As we often do at the beginning of a new month, we look back at some of the stats for the previous month. After having a wet first 2/3 or so of summer, drought conditions rapidly started developing as we made our way into September and then have significantly increased in seriousness as we progressed through October. Many locations only got 10% to 25% of their normal rainfall during the month of October. At our viewing area’s local climate reporting station located at the Northwest Alabama Regional Airport in Muscle Shoals, just over 1/3 of an inch of rain was recorded for the entire month! October is usually one of our driest months here in the Tennessee Valley, but we do usually average over 3 inches of rain in total. This has put us from being near or a bit above average for the year when we went in to summer, to having a running rainfall deficit of almost 9 inches below normal for the year now. Significant rainfall is needed soon!
We are cautiously optimistic that there may be a bit of improvement as we head deeper into November. Even in drought years, the weather pattern often begins to get more active as we head through the month. The normal rainfall for the month usually averages around 4.15″. However, in some drought seasons we can be much drier. In the 2016 drought, we stayed completely dry until the last two days of the month! In other times, we can sometimes see big rainfall amounts and flooding with storm systems, as we can during any time of the year. As you would expect, our temperatures continue to get cooler as we head through the month. Yes, we can still be warm this time of year. Our monthly record was 89 degrees set in 2016, but the monthly average is around 63-64 degrees, with us starting around 69 as an average high at the beginning of the month and having an average high of only 57 as we end the month! Our average monthly morning low is 41 degrees, but we do usually see our first frost and light freeze either the last week of October or first week of November (as we have this year), and we’ve gotten as cold as 2 degrees in November, back in 1950! We usually average only trace amounts of snow as a long term average, but there can be accumulating snow this time of year. The Muscle Shoals reporting station set a record of 5.5 inches of snow back in November 1929.
Of significant note is that November begins our tornado season that runs from November through May here in the Tennessee Valley. Outside of the spring months of March, April, and May, the month of November has historically often been the next most active month for tornadoes in our region. In fact, prior to the 2011 Super Outbreak, November was statistically the most active month of the YEAR for tornadoes in the state of Alabama when looking at the 1950-current numbers back when we were in the early to mid 2000s! That uptick in tornado activity continues through December, January, and February before really ramping up for the spring. Tornadoes are sometimes a problem here during the fall and winter because the jet stream gets more active in the cooler months and storm systems get sent out across our area. Those storm systems then sometimes interact with warm, humid, unstable air that gets drawn north from the Gulf of Mexico. Because of our proximity to the Gulf compared to states farther north, it is easier for us to still get that unstable air, even during the heart of fall and winter. It should be noted that while many of our tornado events this time of year come from “small” spin-up tornadoes in lower instability events, THAT IS NOT ALWAYS THE CASE. On record, we have SEVERAL strong (EF2 or greater) tornadoes on record in our area for the month of November, and a few of them have been violent EF4 intensity. While we have not officially had an EF5 rated tornado in these cooler months in our explicit area, it HAS happened in other parts of the South, the Mississippi Valley, and the Ohio Valley during the fall and winter. There is nothing other than random chance that has prevented us from having a tornado that intense to happen this time of year so far. Tornadoes in the fall and winter months can be just as intense and dangerous as they sometimes are in the middle of March and April!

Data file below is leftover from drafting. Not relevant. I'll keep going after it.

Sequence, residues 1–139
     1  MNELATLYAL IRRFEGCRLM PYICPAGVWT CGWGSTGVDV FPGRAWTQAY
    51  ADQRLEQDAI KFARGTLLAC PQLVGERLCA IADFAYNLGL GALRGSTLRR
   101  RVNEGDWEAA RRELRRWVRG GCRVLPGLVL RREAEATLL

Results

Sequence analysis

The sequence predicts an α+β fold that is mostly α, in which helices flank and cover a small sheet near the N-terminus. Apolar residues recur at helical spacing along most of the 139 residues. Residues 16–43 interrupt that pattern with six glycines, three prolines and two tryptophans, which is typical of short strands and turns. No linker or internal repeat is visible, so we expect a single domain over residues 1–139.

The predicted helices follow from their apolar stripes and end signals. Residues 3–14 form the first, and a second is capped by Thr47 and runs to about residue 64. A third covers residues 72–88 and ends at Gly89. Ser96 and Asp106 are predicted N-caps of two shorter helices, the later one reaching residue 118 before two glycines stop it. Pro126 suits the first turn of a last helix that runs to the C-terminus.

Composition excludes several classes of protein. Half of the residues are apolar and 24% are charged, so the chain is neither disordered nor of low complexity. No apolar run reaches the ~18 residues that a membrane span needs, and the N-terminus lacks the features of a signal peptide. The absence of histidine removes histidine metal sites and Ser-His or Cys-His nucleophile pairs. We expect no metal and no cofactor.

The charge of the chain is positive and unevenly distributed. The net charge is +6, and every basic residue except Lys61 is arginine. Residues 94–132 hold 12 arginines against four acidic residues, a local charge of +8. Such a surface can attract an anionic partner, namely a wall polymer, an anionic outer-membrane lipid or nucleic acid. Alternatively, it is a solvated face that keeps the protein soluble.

The good news is that, historically speaking, tropical activity in the Atlantic basin is usually sharply on the downhill swing in November. The Atlantic hurricane season even officially ends at the end of this month. Despite that, there certainly CAN occasionally be tropical systems or even hurricanes in the month of November. Very occasionally, they can even last into December or beyond like in the 2005 hurricane season. However, once we start moving into November, the southward moving jet stream and increasing number of southward moving cold fronts make it much harder for any tropical system to make landfall in the United States. It isn’t completely impossible, but we usually start shifting the focus more toward the western Caribbean, the Bahamas, and the open Atlantic.